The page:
Job 26:14 (CSB)
14These are but the fringes of his ways; how faint is the word we hear of him! Who can understand his mighty thunder?
Job begins his final reply to his friends, this time specifically to Bildad, with a flurry of insults. The sarcasm here seems to be out of step with the relatively neutral and sound speech from Bildad. We could speculate a defense for Job, but it would simply be speculation, and it’s probably best to simply note his sarcastic start.
These 9 verses contain wisdom on the part of Job, displayed through his understanding of the might and sovereignty of God. Here he explores these attributes of God through the creative order.
First Job starts not with the heavenly, but with the dead, noting that not just the things above are God’s handiwork, but even the things below are exposed and subject to God’s omnipotence and omniscience.
Then in vv7-11 Job shifts to those things above. He alludes to God’s creation of the skies, the design of weather properties and the cycling of water into clouds, which remain above between man and God’s proverbial “heavenly” throne. The picture of the horizon as something God has “laid out” is an interesting picture, continuing to describe the creative power and order God demonstrated in separating the earth and water from the sky. And although some might point to v11 as an example of the Bible failing in its accuracy, as if this is a literal claim that there are physical pillars holding up the sky, the obvious poetic description of Job serves to further reinforce the picture of a mighty God who has exerted his sovereignty and power over the created order doing the miraculous with his creation.
In Job 26:12-13 we read mention of Rahab, most likely a mythological sea monster. Again, rather than viewing this as a failure of scripture due to a reference to a possible mythological creature, we read the passage as it is intended: as a poetic expression of the might and power of God. The message here is not to make claims of monsters, or any other type of “real” creature that one may try to “defend” the passage with, but it is to express, in a way that would have been clear at the time, God’s glorious attributes.
Job finishes this section with an amazing insight, and theological clarity. What he has described is just the “fringe” of who God is, and it is a “faint word” of who God is, and this is what we see and hear. Truly, who of us mere humans “can understand his mighty thunder?”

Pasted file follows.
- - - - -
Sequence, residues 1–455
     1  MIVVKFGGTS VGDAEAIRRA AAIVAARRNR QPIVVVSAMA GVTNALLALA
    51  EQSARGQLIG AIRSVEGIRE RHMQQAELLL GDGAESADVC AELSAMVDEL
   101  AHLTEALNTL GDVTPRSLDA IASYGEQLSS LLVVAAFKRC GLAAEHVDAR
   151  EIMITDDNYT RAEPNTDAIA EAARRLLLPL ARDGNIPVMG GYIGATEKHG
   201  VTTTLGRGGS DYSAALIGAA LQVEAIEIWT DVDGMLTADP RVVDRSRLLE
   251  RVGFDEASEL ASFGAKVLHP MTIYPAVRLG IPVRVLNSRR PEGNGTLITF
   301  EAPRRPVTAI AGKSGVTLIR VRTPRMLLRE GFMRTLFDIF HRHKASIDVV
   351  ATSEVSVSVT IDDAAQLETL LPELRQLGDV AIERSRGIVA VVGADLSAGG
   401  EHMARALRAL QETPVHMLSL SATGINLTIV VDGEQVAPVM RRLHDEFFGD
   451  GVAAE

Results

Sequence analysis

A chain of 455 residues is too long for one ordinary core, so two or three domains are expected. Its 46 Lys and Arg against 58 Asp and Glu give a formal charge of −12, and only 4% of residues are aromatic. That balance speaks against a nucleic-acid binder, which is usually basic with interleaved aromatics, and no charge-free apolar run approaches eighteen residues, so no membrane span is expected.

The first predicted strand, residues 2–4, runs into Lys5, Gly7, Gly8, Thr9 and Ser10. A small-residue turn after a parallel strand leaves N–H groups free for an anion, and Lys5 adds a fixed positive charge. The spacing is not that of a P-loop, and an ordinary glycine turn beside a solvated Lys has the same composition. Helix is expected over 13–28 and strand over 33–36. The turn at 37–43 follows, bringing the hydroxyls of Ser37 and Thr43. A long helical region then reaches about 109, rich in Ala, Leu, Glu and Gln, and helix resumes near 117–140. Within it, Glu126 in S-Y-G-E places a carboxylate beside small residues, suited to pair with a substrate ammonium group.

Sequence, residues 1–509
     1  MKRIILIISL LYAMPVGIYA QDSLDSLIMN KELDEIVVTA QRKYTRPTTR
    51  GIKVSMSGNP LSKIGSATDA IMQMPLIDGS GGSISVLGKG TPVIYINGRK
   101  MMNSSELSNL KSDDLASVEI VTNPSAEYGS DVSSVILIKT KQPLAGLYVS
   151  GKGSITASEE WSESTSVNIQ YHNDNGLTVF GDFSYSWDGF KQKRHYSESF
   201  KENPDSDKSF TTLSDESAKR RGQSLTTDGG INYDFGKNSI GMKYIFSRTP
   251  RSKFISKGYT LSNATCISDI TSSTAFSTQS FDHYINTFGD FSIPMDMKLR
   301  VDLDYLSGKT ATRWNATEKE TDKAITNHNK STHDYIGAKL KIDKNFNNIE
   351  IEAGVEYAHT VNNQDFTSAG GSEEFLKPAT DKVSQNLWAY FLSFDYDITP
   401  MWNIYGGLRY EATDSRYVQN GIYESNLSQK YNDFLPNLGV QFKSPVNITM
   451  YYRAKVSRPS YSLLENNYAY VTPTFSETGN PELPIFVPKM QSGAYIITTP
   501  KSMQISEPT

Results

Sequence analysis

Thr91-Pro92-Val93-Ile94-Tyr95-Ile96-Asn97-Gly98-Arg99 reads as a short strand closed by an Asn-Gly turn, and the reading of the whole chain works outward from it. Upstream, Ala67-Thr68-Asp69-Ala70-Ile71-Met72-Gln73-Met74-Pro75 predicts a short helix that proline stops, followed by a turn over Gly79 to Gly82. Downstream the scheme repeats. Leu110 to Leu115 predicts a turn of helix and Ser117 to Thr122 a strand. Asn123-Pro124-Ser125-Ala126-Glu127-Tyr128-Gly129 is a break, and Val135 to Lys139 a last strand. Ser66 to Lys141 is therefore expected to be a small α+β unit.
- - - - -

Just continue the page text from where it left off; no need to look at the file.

Job 27 begins with Job returning to his profession of innocence. While he continues to affirm God as the one who sustains him, while at the same time maintaining his righteousness and the fact that his grievous suffering is not a result of some judgment as his friends have repeatedly asserted.
In vv7-10 we see a slightly different take from Job, as he describes bad happening to the wicked, rather than what he has previously generally railed against, namely the wicked not receiving justice. Whether Job is speaking about his friends or the wicked who have opposed him in general, it is unclear, and really does not make much difference to the meaning: he who is cut off from God will have no recourse or hope.
The final extended passage of Job 27 provides a number of pictures of what the wicked will face. But before job dives into these example pictures of judgment, he provides some insight into what he is really intending in the rest of the speech. In v11 Job suggests he is going to “teach” his friends about the power of God, and in v12 he refers to their “empty talk.” When we notice these things, and the fact that what follows reads much like what Job’s friends have said to, and about, Job, and descriptions of his state that he has provided himself, we see the remainder of the chapter as Job mocking his friends and their “empty talk.”
And, just as there were nuggets of insight in what Job’s friends had said, there are truths within Job’s speech here: the impermanence of wealth, the terror that the wicked man will experience apart from God, the general tortuous state of being against God. But the point is, as Job prefaced this passage, that Job is not separated from God, and the judgments of his friend are in fact wrong.
Lord, thank you for being a holy and righteous God that we can depend on and trust despite what circumstances we may be in. I pray that you would help us to remain faithful and obedient in both times of blessing and those of trials. Strengthen us with your power as we are tested, and refine us to have faith that is not dependent on our haves and have-nots. Amen.